Historic standards database project underway

historic database

Luke Hunter will be working out of the Dawson City Museum to put a database of historic buildings together for the Heritage Advisory Committee.

Story & photo
by Samantha Elmsley

Dawson City builders, rejoice: the Dawson City Museum and the Heritage Advisory Committee are coming together this summer to build a database of photos that will help builders fulfill the historical building standards.

Luke Hunter, a Dawson resident studying history at the University College London, will be working out of the Dawson City Museum to put the database together. He’s hoping to have the database ready for use by mid- September.

“Currently, if someone wants to build in downtown Dawson, they have to find historical precedent for it,” said Luke.

“The feeling, I suppose, is that that’s a bit difficult to do. A lot of individuals find the requirements quite demanding and difficult to satisfy… The database will function almost as an extra-large style guide.”

Anyone wishing to build within the Dawson City Historic Control District, which runs from Crocus Bluff to the slide, must find historical precedent— and providing a photo is often the most helpful means of establishing that proof.

The period of commemoration for Dawson runs from 1898 to 1910, says Trina Buhler, chair of HAC. Builders must then have it approved by the Heritage Advisory Committee prior to hammering the first nail. Although the museum has been in the process of digitizing their photos over the past five years, photos that could be useful to builders are not currently separate from the entire collection. This can make research a long and discouraging process.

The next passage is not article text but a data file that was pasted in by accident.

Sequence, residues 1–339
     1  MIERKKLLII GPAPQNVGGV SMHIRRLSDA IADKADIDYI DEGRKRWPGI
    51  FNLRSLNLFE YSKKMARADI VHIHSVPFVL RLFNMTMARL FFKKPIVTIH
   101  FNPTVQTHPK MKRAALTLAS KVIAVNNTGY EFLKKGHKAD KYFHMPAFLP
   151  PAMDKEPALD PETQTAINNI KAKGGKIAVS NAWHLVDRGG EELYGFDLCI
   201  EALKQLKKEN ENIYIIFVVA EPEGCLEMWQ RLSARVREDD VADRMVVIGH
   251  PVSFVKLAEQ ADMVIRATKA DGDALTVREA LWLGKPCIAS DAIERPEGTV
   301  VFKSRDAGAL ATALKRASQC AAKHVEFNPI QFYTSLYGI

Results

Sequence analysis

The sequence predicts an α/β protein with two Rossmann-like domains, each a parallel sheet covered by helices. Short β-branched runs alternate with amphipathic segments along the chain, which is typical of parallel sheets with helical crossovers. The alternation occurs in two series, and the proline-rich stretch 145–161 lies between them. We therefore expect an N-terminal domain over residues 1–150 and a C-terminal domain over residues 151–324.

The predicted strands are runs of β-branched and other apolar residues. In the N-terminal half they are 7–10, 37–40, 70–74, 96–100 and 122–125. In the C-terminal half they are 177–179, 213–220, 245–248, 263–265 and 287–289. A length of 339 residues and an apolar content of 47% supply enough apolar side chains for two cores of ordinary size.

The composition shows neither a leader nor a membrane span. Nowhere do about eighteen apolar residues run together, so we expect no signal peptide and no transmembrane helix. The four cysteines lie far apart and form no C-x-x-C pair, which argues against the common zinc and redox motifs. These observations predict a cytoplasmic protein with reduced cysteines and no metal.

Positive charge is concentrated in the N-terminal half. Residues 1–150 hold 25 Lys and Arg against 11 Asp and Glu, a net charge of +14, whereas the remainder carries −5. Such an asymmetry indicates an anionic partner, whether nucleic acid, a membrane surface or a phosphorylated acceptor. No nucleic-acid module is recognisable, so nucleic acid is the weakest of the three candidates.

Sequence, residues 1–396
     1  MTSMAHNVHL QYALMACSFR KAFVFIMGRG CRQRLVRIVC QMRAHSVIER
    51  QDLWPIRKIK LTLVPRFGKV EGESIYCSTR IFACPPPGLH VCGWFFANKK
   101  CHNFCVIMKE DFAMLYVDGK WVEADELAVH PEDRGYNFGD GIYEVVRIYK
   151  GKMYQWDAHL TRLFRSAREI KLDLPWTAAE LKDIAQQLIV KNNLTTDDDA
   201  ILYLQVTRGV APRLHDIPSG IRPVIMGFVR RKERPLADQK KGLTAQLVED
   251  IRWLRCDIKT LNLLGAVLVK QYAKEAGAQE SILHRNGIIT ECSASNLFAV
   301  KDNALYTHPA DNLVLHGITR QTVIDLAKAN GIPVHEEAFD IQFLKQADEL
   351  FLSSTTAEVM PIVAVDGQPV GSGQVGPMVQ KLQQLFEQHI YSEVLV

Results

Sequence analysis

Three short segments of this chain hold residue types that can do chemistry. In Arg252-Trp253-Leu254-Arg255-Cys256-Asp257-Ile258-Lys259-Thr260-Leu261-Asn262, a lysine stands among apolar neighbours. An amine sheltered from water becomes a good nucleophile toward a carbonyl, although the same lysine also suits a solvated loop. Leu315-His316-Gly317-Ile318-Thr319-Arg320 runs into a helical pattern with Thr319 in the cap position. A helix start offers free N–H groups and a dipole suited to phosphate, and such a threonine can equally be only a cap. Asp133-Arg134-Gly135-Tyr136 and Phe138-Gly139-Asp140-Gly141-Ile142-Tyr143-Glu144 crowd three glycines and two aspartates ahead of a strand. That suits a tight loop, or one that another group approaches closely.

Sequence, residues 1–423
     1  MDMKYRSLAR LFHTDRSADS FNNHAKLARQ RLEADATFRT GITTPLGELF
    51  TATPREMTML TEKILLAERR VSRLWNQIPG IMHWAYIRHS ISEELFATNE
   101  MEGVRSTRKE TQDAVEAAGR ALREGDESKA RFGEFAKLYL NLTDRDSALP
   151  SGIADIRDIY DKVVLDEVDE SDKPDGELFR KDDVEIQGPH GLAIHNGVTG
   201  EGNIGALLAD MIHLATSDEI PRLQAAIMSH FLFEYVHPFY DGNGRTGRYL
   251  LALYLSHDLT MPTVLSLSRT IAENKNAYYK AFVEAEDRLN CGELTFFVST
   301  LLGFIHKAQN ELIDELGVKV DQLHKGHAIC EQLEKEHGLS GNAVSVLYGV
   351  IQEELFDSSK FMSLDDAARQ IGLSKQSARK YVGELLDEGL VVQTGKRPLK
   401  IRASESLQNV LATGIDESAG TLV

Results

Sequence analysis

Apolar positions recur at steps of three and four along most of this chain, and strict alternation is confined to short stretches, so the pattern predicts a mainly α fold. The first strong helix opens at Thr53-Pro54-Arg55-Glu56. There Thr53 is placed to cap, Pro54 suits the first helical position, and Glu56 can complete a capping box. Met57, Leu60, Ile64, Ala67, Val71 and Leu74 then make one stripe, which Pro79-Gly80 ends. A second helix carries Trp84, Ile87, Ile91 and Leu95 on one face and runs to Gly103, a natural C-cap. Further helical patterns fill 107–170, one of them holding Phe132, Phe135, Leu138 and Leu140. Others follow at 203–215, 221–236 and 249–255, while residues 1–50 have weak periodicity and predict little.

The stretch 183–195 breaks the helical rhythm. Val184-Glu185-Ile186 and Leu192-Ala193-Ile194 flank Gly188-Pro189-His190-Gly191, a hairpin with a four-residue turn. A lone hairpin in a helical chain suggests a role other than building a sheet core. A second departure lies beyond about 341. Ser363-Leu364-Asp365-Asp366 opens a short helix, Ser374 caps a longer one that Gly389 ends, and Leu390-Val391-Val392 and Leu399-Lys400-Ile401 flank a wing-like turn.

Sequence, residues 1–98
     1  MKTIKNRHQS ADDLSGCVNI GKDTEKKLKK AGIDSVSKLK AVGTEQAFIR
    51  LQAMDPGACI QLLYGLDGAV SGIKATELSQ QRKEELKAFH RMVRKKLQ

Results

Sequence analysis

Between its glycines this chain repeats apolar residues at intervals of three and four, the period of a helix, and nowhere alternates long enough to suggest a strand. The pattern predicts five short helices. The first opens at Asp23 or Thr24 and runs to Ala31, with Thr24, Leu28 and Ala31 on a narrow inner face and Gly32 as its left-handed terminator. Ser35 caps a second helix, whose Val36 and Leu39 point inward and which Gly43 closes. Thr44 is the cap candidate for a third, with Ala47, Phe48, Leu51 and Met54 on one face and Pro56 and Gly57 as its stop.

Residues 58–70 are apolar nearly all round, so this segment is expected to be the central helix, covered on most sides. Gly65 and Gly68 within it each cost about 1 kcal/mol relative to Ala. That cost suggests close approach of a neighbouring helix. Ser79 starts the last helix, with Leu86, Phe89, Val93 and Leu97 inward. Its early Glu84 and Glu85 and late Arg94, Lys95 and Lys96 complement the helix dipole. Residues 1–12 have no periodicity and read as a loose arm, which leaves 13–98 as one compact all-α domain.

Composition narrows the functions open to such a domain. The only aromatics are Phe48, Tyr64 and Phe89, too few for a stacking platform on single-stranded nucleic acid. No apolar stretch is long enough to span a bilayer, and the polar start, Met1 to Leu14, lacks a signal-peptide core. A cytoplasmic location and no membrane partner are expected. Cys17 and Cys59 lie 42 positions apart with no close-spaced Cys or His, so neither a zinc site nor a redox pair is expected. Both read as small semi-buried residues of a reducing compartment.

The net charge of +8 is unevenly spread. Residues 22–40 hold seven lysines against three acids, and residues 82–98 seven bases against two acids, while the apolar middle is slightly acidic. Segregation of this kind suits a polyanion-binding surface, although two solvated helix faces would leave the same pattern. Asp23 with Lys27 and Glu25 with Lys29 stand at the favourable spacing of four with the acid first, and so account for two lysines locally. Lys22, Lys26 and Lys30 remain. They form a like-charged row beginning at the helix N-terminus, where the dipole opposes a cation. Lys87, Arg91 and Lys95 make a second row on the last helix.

“The photographs have been available to the public,” said Molly MacDonald, head archivist at the Dawson City Museum, “it’s just that they’re mixed in with photographs of sternwheelers and whatnot.”

In addition to isolating photos most useful to builders, the database will also pinpoint the details of historical construction, cropping photos in order to more clearly show things like side panels and gingerbread work.

“There is a sense that people feel the guidelines are quite stringent, and that they are quite limited,” said Luke.

“So part of this is meant to show what a wide variety of styles and choices there are that can still satisfy the historical guidelines of the town.”

At this time, the project will not be online, but it will be widely available throughout the city: the Museum and Heritage Advisory Council will have a copy, with the intention of having distributed at other public institutions for wider use. Eventually, Molly hopes to see the project online.

In closing, Molly emphasized her excitement at the Museum’s chance to develop an historical project that is so relevant to Dawsonites today. And with Luke being a local resident, the project is truly rooted in its service to the community.

“It’s really nice to have someone who knows a bit about the context of the project, why this is important—some of the challenges it represents, and some of the benefits,” says Molly.

Funding for the project is coming largely from the town, which is contributing $10,000. Canadian Library Association is contributing another $4,000.

This entry was posted in Front Page Headline. Bookmark the permalink.

Leave a Reply

Your email address will not be published. Required fields are marked *